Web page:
What is your educational background?

 I have a Bachelors degree in economics from the Russian State Agricultural University. I also did a Masters degree and a PhD there too. It was during my PhD that I first went to study in Holland as part of an exchange programme for 3 months at Wageningen University. In 2009 I decided to return to studying after working in banking in Moscow for a few years and in 2010 I graduated from the Rotterdam School of Management with an MBA.

Did your time as an exchange student in Holland influence your decision to do an MBA there?

 Yes, absolutely. I knew that the quality of life and style of living there is very attractive and when I was looking into the different MBA programmes available I saw that the level of the management schools in Holland was very good. The courses are all in English which is of course a major factor and the cost of the course was more realistic for me than in some other countries.

Why did you decide to study for an MBA? What did you hope it would give you?

It was the right timing for me during my career. When I was doing my PhD I was already working at the same time heading a project which involved collaboration between my university, Russian businesses and a research centre. It was the kind of job which combined the business and education spheres and was my opportunity to choose which area I wanted to follow in my career. In the end I chose the business route and began working at Rusagro Bank. I had a very intensive job at that time, often my day started at 7-8am and I didn’t finish until midnight - really! I thought; having a year out to do an MBA could be a good break from that lifestyle and I could return with new experiences and knowledge.

Do you think your MBA and international education has helped you in your career?

Certainly it gave me much more confidence in my knowledge and drive to move forward in my professional life. To work  well with international companies it really helps to have an international background. And of course I got to improve my English a lot and meet a lot of new interesting people who have also offered help during my professional career.

Did you think about working in Holland after you graduated? Why did you return to Russia?

 Yes, I did try to find a job in Holland quite early on, but I was not successful. I had one offer from a Dutch company, but it was to work in Moscow for their subsidiary. During the final stages I also found out that all their top corporate management places were already filled. I decided to take on an invitation from my old bosses at Rusagro Bank to work with them at their partner Sberbank in Moscow.

Do you have any advice for Russian students trying to get jobs in Holland?

 Firstly - if you want to stay in the Netherlands you really need to learn Dutch! Certainly in many companies in the Netherlands the internal language is English, but at the same time Dutch is a huge asset for your CV, without Dutch you will struggle to get job offers. My second advice is to start looking for jobs early - during the middle of the final year of your studies (i.e at least 6 months before graduation). You will need some practice of the application and interview process as it’s a different style than in Russia.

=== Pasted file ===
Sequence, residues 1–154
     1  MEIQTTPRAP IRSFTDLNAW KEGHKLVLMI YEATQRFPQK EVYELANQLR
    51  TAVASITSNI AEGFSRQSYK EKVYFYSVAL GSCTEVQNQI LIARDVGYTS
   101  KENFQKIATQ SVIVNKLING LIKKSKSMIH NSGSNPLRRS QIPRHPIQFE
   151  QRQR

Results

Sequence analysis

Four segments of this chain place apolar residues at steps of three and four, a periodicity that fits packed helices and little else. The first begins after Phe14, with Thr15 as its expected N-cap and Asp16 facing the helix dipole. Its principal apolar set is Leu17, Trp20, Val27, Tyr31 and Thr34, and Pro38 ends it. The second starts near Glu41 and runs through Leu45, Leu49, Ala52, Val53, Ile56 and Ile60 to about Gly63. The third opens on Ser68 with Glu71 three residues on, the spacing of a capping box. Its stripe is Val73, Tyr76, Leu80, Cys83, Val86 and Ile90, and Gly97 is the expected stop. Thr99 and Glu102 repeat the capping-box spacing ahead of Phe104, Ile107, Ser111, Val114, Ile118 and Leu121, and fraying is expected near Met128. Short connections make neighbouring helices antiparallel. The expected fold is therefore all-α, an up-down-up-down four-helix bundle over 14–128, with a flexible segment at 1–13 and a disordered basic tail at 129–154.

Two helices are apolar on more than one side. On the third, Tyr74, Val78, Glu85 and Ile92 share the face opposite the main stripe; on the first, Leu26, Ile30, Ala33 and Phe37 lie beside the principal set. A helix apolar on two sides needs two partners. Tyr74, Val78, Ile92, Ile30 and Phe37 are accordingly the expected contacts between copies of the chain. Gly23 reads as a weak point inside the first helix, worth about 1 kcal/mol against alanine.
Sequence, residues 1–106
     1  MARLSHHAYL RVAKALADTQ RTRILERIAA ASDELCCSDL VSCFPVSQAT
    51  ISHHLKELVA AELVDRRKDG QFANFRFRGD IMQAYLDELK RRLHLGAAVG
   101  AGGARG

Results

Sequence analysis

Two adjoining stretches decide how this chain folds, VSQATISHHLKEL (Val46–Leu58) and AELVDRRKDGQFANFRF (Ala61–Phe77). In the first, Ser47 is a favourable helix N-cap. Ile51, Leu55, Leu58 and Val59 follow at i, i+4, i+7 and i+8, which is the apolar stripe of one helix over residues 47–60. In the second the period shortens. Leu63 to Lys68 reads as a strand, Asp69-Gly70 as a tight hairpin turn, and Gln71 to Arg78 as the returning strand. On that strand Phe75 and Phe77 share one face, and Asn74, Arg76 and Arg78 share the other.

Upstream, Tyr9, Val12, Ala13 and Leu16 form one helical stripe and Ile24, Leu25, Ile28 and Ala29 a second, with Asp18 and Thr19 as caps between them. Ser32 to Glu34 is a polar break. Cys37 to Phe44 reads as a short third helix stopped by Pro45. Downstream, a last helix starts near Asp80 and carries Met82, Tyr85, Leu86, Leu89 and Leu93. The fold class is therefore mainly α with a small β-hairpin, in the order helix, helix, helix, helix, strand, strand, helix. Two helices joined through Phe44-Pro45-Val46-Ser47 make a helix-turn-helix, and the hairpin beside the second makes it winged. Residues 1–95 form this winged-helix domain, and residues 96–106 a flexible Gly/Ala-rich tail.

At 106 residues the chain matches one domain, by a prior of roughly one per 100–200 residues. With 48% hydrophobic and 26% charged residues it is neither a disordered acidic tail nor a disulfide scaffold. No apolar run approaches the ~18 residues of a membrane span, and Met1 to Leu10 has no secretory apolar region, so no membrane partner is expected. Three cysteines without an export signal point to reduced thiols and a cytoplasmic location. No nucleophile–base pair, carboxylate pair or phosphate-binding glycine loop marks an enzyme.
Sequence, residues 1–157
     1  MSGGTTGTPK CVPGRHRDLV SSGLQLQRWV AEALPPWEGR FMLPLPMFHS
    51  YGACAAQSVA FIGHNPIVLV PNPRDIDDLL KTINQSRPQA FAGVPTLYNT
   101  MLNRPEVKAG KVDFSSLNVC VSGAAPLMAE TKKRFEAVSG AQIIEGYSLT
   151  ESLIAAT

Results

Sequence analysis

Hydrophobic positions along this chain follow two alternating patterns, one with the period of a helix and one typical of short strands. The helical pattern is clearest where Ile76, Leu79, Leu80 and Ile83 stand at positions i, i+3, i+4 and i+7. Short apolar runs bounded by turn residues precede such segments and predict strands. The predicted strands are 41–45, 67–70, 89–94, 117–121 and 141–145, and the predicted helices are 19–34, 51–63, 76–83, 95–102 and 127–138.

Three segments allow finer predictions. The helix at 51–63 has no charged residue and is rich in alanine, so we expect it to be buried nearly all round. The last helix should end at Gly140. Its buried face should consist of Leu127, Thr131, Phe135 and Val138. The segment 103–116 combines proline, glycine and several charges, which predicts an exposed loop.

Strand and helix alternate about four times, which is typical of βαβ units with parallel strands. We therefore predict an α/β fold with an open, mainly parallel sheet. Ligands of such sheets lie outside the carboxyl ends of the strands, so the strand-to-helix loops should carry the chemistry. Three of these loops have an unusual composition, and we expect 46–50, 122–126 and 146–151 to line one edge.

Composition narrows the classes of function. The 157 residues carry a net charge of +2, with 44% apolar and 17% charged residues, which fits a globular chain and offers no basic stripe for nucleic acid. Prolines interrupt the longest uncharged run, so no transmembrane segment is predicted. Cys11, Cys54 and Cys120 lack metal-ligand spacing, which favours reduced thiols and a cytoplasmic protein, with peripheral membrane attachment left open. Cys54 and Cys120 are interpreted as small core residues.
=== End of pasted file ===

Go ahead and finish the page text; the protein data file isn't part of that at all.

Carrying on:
Where are you working now?

 In July 2012 I stared working for a subsidiary of the Dutch bank Rabobank in Moscow. It’s the same kind of work I was doing at Sberbank, based in the agro business, analysing credit risks, but it has a few different specifics. I was motivated to move because I wanted to improve my English language skills and was thinking about the possibilities for a future career in Europe and opportunities for promotion. This bank is much smaller in scale than Sberbank, but when you take into account it is part of Rabobank which has a triple-A rating, it is a good offer.

You’re employed in Moscow by a subsidiary of a Dutch company - does it feel like you are working for an international company?

 On the one hand yes. You can feel that all the methods, the organisational style, the documents - it’s not Russian, and the meetings, conference calls and so on are in English. On the other hand all of our team in Moscow are Russians so things are a bit of mixture. I would say it is like; Russian culture with international rules. I think my decision to move was the right one even though my salary is less than before.

Is there anything you miss about Holland?

 I can say for sure my two kids miss Holland a lot! We sent our kids to a Dutch school while I was studying in Holland. Of course in the very beginning for them it was very challenging, but after four months our daughter could already speak fluent Dutch. It was a great surprise - she even started writing and reading in Dutch before she did in Russian! Our kids also think the classes and activities were more fun there, less strict I guess. Dutch people are very flexible and tolerant, I miss that too.

Where do you see yourself in five or ten year’s time?

 To be honest I would like to launch my own business one day. My dream business would be connected with the Netherlands, some kind of consulting company providing services for Dutch companies in Russian markets. I could invest my knowledge and skills which I have gained from being in the business, as well as my knowledge of Holland. My wife is an accountant and tax advisor by profession so I think it is something we could do well together.